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Earlier Friday, Japanese Prime Minister Fumio Kishida said that China’s military exercises aimed at Taiwan represent a “grave problem” that threatens regional peace and security after five ballistic missiles launched as part of the drills landed in Japan’s exclusive economic zone.
Kishida, speaking after breakfast with Pelosi and her congressional delegation, said the missile launches need to be “stopped immediately.”
Japanese Defense Minister Nobuo Kishi said five missiles landed on Thursday in Japan’s exclusive economic zone off Hateruma, an island far south of Japan’s main islands. He said Japan protested to China, saying the missiles “threatened Japan’s national security and the lives of the Japanese people, which we strongly condemn.”
Japanese Foreign Minister Yoshimasa Hayashi, attending a regional meeting in Cambodia, said China’s actions are “severely impacting peace and stability in the region and the international community, and we demand the immediate suspension of the military exercises.”
Japan has in recent years bolstered its defense capability and troop presence in southwestern Japan and remote islands, including Okinawa, which is about 700 kilometers (420 miles) northeast of Taiwan. Many residents say they worry their island will be quickly embroiled in any Taiwan conflict. Okinawa is home to the majority of about 50,000 American troops based in Japan under a bilateral security pact.
SEE THE HISTORIC TRIP:Speaker Nancy Pelosi visits Taiwan amid escalating tensions with China
At the breakfast earlier Friday, Pelosi and her congressional delegation also discussed their shared security concern over China, North Korea and Russia, and pledged their commitment to working toward peace and stability in Taiwan, Kishida said. Pelosi was also to hold talks with her Japanese counterpart, lower house Speaker Hiroyuki Hosoda.
Japan and its key ally, the U.S., have been pushing for new security and economic frameworks with other democracies in the Indo-Pacific region and Europe as a counter to China’s growing influence amid rising tensions between Beijing and Taipei.
Days before Pelosi’s Taiwan visit, a group of senior Japanese lawmakers, including former Defense Minister Shigeru Ishiba, visited the island and discussed regional security with Taiwanese President Tsai Ing-wen. Ishiba said Japan, while working with the United States to prevent conflict in the Indo-Pacific, wants a defense agreement with Taiwan.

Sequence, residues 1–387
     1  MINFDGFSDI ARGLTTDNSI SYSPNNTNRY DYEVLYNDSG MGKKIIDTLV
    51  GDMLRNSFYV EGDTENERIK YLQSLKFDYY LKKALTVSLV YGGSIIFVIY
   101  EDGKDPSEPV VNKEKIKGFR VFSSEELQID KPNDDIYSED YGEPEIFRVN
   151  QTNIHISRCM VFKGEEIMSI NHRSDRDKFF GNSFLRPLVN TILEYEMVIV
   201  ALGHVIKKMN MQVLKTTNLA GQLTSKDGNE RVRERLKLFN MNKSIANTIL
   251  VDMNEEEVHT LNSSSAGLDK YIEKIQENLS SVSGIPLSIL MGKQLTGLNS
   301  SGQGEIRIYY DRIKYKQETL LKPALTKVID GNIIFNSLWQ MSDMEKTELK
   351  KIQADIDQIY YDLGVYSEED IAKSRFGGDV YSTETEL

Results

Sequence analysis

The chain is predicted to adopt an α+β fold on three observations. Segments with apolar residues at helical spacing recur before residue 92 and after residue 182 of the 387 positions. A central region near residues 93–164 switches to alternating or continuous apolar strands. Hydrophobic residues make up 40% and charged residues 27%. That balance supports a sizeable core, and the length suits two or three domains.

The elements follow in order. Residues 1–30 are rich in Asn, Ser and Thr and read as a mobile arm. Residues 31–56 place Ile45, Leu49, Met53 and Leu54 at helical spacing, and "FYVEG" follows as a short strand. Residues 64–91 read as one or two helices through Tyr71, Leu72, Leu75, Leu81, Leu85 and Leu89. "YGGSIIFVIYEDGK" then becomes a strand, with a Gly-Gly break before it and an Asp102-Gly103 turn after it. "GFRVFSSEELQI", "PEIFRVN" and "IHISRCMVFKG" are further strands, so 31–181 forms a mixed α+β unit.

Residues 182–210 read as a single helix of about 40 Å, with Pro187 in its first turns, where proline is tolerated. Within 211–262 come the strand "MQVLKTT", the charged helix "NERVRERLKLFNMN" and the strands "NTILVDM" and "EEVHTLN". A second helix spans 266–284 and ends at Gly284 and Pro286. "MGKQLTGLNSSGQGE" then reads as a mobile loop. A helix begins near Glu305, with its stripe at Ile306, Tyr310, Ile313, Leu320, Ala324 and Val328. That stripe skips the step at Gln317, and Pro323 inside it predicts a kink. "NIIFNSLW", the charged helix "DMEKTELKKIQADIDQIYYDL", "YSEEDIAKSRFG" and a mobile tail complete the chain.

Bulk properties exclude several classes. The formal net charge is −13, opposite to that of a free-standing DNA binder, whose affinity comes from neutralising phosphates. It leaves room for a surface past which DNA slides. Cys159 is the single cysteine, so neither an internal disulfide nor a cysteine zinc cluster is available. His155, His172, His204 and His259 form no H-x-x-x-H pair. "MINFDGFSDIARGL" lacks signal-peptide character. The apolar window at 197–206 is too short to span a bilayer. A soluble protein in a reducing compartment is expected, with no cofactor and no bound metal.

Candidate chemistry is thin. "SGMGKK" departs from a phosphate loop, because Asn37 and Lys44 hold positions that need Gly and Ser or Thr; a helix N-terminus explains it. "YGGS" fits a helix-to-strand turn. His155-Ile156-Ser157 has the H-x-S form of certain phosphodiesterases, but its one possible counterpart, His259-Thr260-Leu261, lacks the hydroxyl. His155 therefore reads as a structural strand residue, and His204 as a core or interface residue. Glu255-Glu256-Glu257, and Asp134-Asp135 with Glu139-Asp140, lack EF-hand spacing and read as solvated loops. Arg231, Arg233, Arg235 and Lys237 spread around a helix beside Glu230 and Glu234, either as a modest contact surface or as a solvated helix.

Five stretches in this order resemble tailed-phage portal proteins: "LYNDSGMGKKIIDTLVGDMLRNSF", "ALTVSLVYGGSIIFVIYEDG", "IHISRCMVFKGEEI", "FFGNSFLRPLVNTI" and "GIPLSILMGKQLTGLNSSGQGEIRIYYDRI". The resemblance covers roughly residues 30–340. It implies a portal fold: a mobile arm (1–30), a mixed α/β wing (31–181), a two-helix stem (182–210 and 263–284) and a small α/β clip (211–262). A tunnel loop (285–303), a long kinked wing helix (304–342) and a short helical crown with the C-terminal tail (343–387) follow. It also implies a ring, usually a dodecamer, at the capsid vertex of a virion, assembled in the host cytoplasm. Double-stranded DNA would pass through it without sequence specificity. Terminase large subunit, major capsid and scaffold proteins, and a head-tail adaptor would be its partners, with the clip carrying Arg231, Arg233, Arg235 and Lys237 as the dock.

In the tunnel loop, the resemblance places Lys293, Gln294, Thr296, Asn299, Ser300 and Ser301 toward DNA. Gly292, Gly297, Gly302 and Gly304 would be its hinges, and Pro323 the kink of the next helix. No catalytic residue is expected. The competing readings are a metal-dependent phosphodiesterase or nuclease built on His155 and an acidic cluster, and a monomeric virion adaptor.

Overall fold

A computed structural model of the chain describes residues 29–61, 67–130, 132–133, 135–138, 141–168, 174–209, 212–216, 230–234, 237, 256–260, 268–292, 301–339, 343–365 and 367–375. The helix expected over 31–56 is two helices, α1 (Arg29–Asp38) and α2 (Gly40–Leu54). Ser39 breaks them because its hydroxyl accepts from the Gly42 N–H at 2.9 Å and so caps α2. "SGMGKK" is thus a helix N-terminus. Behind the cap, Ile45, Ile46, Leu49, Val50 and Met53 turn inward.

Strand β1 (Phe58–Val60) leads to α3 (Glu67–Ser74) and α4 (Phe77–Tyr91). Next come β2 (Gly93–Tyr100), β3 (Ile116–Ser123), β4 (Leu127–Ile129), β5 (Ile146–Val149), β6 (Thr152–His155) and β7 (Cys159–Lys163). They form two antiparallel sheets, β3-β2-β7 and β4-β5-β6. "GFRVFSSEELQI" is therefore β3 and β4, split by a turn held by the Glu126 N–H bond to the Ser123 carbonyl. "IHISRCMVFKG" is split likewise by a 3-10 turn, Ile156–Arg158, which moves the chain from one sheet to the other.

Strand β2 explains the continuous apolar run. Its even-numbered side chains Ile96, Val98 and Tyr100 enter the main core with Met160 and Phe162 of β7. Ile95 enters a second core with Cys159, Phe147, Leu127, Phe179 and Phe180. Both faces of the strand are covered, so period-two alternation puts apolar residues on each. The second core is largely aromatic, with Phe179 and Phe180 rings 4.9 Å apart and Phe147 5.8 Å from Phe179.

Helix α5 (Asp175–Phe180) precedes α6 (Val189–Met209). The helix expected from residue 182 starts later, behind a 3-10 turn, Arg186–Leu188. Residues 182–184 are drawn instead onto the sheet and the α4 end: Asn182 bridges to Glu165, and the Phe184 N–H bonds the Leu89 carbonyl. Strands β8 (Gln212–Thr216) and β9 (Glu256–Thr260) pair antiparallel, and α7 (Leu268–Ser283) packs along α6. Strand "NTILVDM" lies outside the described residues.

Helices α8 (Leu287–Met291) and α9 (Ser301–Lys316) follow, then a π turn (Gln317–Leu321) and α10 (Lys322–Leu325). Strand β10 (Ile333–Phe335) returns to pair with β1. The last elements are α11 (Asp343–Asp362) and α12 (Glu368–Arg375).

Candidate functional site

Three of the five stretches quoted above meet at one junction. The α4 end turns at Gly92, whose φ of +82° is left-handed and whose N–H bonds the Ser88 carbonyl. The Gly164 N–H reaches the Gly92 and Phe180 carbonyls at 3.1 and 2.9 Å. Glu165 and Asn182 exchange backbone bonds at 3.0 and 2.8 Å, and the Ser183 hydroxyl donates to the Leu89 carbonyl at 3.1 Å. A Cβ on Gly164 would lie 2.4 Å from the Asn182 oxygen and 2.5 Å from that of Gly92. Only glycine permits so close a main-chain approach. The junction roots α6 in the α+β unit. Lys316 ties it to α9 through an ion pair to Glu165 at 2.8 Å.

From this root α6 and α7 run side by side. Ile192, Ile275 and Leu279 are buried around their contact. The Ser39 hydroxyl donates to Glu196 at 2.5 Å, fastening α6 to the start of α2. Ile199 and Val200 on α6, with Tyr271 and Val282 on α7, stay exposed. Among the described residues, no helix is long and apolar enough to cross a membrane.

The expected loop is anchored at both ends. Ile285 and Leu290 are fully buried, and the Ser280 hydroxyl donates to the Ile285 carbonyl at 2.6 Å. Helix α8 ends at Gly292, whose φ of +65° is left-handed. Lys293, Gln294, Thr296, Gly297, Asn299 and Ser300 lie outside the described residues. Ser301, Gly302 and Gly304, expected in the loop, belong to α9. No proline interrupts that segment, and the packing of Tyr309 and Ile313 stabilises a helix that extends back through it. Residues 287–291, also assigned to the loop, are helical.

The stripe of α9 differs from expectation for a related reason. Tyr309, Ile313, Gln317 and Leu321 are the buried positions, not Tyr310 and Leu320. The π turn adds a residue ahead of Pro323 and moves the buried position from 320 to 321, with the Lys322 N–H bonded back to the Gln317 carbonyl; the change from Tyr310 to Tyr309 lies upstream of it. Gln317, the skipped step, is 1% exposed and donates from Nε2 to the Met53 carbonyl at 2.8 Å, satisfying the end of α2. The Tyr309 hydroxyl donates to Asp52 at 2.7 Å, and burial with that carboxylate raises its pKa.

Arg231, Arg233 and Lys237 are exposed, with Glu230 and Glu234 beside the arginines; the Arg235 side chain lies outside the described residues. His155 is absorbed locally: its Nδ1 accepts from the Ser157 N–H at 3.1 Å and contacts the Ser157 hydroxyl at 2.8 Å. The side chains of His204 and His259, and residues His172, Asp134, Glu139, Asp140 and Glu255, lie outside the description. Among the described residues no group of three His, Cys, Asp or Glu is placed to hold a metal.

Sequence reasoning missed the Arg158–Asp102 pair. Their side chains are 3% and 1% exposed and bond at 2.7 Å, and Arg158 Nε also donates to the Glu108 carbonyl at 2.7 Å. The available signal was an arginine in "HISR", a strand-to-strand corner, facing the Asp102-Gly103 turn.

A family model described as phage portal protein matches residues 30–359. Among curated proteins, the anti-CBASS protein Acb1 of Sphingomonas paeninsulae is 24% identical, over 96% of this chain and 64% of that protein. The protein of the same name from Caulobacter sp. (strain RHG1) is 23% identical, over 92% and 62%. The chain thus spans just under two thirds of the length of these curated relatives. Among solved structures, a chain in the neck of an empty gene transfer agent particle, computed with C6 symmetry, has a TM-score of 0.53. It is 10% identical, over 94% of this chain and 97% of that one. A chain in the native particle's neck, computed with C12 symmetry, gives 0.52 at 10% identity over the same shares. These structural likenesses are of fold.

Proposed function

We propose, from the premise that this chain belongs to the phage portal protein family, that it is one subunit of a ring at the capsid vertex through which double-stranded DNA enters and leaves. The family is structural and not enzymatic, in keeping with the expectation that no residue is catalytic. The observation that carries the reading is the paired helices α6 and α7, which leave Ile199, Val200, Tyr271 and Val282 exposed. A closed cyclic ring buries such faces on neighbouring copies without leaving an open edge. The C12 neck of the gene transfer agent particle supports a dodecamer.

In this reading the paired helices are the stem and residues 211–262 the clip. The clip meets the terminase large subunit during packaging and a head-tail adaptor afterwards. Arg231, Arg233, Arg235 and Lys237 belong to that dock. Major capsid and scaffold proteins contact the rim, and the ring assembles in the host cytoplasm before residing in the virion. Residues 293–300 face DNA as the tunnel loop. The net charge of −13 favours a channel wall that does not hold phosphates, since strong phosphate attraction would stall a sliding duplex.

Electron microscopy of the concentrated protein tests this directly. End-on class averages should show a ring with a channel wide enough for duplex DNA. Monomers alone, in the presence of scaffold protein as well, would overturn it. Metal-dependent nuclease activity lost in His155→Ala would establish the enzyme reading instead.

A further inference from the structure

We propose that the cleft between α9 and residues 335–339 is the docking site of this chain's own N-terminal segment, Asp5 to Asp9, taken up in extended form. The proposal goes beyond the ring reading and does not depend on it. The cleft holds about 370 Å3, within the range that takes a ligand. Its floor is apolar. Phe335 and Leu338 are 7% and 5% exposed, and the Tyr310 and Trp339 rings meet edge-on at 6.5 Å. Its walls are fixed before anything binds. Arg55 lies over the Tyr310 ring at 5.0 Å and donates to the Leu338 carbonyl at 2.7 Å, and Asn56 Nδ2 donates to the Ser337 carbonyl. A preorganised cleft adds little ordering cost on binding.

On Thursday, the foreign ministers of the Group of Seven industrialized nations issued a statement saying “there is no justification to use a visit as pretext for aggressive military activity in the Taiwan Strait.” It said China’s “escalatory response risks increasing tensions and destabilizing the region.”
China cited its displeasure over the statement for the last-minute cancellation of talks between the Chinese and Japanese foreign ministers on the sidelines of the Association of Southeast Asian Nations meeting in Cambodia on Thursday.
Pelosi held talks on Thursday in South Korea, also a key U.S. ally, which stayed away from the Taiwan issue, apparently to avoid upsetting China, focusing instead on North Korea’s increasing nuclear threat.
In recent years, South Korea has been struggling to strike a balance between the United States and China as their rivalry has deepened.
The Biden administration and Pelosi have said the United States remains committed to the so-called one-China policy, which recognizes Beijing as the government of China but allows informal relations and defense ties with Taipei. The administration discouraged but did not prevent Pelosi from visiting.
Pelosi has been a long-time advocate of human rights in China. She, along with other lawmakers, visited Beijing’s Tiananmen Square in 1991 to support democracy two years after a bloody military crackdown on protesters at the square.
As leader of the House of Representatives, Pelosi’s trip has heightened U.S.-China tensions more than visits by other members of Congress. The last House speaker to visit Taiwan was Newt Gingrich in 1997.
China and Taiwan, which split in 1949 after a civil war, have no official relations but multibillion-dollar business ties.
Contributing: The Associated Press.